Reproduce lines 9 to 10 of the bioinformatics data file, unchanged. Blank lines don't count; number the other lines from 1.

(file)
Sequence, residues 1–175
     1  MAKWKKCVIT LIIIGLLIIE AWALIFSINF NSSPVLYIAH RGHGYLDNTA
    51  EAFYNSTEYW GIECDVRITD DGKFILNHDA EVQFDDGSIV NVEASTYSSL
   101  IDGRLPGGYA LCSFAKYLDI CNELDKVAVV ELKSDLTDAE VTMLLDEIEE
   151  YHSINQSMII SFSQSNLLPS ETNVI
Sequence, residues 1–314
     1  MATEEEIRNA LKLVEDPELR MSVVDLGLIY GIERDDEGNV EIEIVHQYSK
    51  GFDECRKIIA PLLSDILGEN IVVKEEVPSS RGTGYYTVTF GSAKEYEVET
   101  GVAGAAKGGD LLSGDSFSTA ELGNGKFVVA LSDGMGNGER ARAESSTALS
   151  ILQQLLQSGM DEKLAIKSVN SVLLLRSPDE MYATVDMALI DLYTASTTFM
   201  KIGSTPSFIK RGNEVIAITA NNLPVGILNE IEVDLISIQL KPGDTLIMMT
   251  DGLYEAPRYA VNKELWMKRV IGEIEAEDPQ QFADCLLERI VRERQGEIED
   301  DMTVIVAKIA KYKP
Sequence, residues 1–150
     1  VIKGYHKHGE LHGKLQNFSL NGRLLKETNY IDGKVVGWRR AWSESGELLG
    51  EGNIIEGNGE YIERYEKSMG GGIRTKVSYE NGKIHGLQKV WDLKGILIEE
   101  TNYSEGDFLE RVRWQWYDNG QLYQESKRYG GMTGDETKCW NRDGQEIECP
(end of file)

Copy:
   101  GVAGAAKGGD LLSGDSFSTA ELGNGKFVVA LSDGMGNGER ARAESSTALS
   151  ILQQLLQSGM DEKLAIKSVN SVLLLRSPDE MYATVDMALI DLYTASTTFM